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Environmental Health
5050 Commerce Drive
Baldwin Park, CA 91706
(888) 700-9995

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Health Advisory
Residents Can Do Their Part to Reduce Mosquitoes Warmer months bring greater risk of mosquito-borne diseases

LOS ANGELES – The Los Angeles County Department of Health Services, Public Health encourages residents to reduce their risk of mosquito-borne disease by eliminating breeding sources around their homes and taking other precautions.

“Although mosquitoes breed throughout the year in Southern California, the potential for disease transmission increases as the weather gets warmer,” said Frank Hall, Ph.D., chief of the county’s Vector Management Program.

Infected female mosquitoes can transmit St. Louis Encephalitis virus (SLE) to humans. Most SLE infections in humans are mild, producing only headache and fever. In severe cases – especially in the elderly – the virus infects the brain, causing confusion, paralysis, coma and even death. The only way for humans to acquire the disease is through the bite of an infected mosquito that has previously bitten a bird that carries the virus. SLE cannot be transmitted directly from person to person or from birds to people.

“Because mosquito breeding requires a water source, residents can reduce breeding by eliminating standing water around their yard,” said Hall. “Buckets, planters, old tires and other containers accumulate rain and landscape water and should be drained as soon as possible. These are perfect breeding sites for mosquitoes.”

Property owners should maintain ponds and pools with adequate filtration and chemical additives. Residents who know of a pool that is not receiving regular maintenance should report it to their local mosquito/vector control district office. These offices can also provide fish that thrive on mosquito larvae for use in residential ornamental ponds.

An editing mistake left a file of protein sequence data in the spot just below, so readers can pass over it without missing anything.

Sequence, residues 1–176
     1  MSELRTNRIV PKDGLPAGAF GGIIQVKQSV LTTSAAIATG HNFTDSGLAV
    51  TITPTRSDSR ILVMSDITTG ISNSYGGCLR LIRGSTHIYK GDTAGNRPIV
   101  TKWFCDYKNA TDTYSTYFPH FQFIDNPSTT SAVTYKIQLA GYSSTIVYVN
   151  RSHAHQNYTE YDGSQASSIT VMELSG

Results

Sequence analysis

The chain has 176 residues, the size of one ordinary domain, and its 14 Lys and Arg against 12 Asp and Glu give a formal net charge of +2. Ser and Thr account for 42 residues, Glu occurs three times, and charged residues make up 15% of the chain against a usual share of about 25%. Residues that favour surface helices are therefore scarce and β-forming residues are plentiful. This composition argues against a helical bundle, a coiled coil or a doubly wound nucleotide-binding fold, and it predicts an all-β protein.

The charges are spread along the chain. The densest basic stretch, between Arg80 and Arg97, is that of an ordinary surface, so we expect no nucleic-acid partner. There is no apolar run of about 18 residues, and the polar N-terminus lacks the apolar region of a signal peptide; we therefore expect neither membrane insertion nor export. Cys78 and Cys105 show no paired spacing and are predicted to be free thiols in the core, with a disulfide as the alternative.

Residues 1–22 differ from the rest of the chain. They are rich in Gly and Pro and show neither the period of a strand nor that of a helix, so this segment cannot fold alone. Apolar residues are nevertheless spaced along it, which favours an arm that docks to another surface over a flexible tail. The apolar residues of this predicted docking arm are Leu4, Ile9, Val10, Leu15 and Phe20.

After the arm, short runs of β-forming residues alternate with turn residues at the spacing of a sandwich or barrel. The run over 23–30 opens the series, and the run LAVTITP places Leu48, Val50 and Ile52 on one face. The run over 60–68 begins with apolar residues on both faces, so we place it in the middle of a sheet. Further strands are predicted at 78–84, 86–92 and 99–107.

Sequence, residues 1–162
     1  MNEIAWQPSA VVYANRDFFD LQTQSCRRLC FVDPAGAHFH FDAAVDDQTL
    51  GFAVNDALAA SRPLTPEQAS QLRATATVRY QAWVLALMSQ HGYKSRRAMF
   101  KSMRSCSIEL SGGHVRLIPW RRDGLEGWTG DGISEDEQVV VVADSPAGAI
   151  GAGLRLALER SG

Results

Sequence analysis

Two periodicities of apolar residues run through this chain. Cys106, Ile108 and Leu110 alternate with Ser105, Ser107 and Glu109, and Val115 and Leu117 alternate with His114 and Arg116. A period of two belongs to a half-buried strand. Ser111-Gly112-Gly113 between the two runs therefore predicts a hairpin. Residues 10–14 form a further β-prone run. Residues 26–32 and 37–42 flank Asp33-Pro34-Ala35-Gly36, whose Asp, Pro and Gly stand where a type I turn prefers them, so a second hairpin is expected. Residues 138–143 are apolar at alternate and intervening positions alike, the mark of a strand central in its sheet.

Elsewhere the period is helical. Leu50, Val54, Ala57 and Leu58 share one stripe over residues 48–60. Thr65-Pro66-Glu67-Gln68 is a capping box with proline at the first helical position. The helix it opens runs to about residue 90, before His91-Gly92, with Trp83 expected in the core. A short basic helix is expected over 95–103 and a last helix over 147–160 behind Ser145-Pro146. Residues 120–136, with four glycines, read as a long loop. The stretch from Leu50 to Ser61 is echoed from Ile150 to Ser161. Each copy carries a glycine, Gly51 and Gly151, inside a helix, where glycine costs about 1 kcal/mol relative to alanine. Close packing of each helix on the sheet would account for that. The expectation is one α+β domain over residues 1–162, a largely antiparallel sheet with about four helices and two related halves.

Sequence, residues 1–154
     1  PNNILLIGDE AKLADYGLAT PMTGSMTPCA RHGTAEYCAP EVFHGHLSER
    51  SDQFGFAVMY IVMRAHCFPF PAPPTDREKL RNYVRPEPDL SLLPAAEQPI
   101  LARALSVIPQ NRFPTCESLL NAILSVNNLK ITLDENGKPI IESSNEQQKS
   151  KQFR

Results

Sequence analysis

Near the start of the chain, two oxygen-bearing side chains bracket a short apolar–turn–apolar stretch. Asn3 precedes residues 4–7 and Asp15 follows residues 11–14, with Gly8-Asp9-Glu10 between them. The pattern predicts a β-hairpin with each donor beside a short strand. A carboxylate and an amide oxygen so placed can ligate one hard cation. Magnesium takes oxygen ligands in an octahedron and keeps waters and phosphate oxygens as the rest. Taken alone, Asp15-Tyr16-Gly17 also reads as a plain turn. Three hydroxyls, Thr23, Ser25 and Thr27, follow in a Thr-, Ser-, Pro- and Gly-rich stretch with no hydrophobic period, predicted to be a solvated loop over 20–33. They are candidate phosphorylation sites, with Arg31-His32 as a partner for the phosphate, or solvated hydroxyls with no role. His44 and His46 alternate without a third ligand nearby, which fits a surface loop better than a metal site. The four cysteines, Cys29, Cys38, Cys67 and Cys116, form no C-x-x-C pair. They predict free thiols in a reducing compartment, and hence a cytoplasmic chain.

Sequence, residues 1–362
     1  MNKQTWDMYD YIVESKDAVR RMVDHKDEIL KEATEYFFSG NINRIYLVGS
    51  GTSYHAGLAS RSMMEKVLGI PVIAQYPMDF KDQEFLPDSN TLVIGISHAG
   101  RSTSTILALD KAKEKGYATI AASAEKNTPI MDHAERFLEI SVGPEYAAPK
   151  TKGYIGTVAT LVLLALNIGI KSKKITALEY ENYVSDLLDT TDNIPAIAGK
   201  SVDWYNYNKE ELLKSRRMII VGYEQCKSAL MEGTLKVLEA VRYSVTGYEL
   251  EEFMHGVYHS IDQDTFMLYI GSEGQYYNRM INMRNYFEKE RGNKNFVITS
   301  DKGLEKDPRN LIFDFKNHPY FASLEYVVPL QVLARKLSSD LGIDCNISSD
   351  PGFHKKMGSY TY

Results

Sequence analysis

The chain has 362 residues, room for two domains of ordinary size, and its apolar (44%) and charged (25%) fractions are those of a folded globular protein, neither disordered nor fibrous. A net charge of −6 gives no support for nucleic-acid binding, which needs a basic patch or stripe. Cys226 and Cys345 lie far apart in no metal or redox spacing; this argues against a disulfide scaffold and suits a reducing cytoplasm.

Property owners should install and maintain window and door screens to prevent mosquitoes from entering homes. Mosquitoes are most active at dusk and in the evening. Residents can protect themselves by avoiding mosquito-infested areas that may develop in heavily wooded areas near natural water sources like rivers, lakes and marshes. Residents visiting these areas during mosquito season should use insect repellent and wear protective clothing such as long pants and long-sleeved shirts with high collars.

Surveillance Activities for Mosquito-borne

Active surveillance for mosquito-borne encephalitis is conducted throughout the county from May through October by mosquito and vector control district offices. Flocks of chickens are placed in various areas of the county; blood from these chickens is tested routinely for evidence of infection with SLE, Western Equine Encephalitis (WEE) and West Nile virus (WNV). Evidence of infection with SLE virus has been found in chickens yearly from 1984 through 1998. Mosquitoes from various sites in the county are also tested for the presence of SLE, WEE and WNV. SLE virus has been found in mosquitoes sporadically since 1984.

Although there is no evidence that WNV has spread to the West Coast, the health department will test for the virus if warranted by a physician.

“Physicians treating patients for encephalitis are required to report the cases to the health department,” said Roshan Reporter, M.D., M.P.H., on the Acute Communicable Disease Control Unit. “The health department can also test for SLE and Western Equine Encephalitis at the physician’s request. The most recent death of a county resident from a confirmed case of SLE was in 1999; there were 25 cases between 1984 and 1992 including one death.

For help with mosquito problems, residents may call their local mosquito/vector control district: Greater LA County Vector Control District (800) 371-4402, (562) 944-9656, or (818) 764-2010 LA County West Vector Control District (310) 915-7370 Compton Creek Mosquito Abatement District (310) 639-7375 Antelope Valley Mosquito and Vector Control District (626) 814-9466 DHS’s Vector Management Program (626) 430-5450

For information regarding human diseases related to mosquitoes, call the Acute Communicable Disease Control Unit at (213) 240-7941.

Public Health is committed to protecting and improving the health of the nearly 10 million residents of Los Angeles County. Through a variety of programs, community partnerships and services, Public Health oversees environmental health, disease control and community and family health. Public Health comprises more than 3,800 employees and has an annual budget exceeding $465 million.


Los Angeles County Environmental Health

5050 Commerce Dr
Baldwin Park, CA 91706
(626) 430-5450


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Director of
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Terri S. Williams
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